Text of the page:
Today we're looking at Lombard, a less-known member of the Romance language family. It is primarily spoken in Lombardy, the region in northern Italy home to the city of Milan, as well as parts of southern Switzerland.
Lombard doesn't hold any official status in Italy. This is because the Italian government considers it to be a dialect of Italian, despite the fact that it belongs to a different part of the Romance language family tree. Most linguists, as well as the Ethnologue, consider Lombard to be a distinct language from Italian. In fact, the language is more closely related to Friulian and Occitan than Italian.
|A 19th century depiction of |
Milan's famous opera house, La Scala
The language has two main varieties that are mutually intelligible but do have some phonological differences. The Western Lombard dialect is spoken in Switzerland and parts of Italy near Milan. Eastern Lombard, on the other hand, is spoken in the area near the Italian cities of Bergamo and Brescia.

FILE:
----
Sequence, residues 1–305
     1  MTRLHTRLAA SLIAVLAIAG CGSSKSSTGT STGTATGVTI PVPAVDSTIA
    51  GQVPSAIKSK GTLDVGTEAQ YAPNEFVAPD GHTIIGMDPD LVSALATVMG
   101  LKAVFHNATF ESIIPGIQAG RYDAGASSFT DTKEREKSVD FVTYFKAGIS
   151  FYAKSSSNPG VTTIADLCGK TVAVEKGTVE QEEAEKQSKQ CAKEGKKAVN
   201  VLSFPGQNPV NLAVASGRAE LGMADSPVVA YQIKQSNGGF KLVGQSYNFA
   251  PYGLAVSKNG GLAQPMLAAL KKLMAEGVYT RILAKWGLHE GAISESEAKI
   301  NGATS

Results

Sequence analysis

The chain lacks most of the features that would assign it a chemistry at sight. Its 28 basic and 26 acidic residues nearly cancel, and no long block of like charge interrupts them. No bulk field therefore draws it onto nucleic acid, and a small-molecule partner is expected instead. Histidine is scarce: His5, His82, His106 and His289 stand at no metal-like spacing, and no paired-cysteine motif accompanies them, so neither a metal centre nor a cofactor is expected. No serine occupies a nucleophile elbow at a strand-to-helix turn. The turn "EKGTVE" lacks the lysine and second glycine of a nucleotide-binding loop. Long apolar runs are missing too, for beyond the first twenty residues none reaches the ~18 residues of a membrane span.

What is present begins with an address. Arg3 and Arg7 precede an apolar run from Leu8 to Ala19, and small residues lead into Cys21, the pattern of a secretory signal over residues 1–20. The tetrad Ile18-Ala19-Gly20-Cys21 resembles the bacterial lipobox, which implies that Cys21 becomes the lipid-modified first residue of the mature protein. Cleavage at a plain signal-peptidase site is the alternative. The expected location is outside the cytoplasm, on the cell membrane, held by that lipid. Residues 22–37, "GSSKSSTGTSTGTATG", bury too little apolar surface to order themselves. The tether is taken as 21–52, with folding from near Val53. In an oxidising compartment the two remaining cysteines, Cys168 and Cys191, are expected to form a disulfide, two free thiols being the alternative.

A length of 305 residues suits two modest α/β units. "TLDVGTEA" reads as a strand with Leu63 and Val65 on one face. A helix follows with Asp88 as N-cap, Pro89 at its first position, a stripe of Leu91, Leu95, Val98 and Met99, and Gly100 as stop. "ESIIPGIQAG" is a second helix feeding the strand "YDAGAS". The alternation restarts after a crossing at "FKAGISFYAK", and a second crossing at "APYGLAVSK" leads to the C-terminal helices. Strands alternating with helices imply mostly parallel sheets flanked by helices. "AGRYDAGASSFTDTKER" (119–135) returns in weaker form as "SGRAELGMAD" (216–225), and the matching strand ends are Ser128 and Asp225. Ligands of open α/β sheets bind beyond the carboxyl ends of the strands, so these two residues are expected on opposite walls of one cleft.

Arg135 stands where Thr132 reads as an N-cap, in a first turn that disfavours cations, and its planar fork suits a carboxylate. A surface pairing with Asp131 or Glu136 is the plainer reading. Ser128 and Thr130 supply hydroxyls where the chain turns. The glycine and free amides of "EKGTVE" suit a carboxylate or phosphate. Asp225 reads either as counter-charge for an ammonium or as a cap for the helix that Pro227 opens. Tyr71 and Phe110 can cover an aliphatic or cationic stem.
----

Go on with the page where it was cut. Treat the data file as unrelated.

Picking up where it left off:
In Italy, the majority of Lombard speakers belong to older generations, as most young people tend to only speak Italian due to the influence of school and television. The use of minority languages is often not socially prestigious in Italy, and has been historically discouraged by Italian politicians as well. However, Lombard is widely spoken in some areas of Italy, such as Lake Como, Bergamo, and Brescia. In recent years, it has also been increasingly used by musicians as a way to express their local identity.
For the most part, Lombard seems to be faring much better in Switzerland than in Italy. The Swiss city of Bellinzona is home to the Centro di dialettologia e di etnografia, a research institution that studies various Lombard dialects and has published a five volume dictionary that covers all the Lombard varieties spoken in Switzerland. The language is also used in radio and television broadcasts in the area.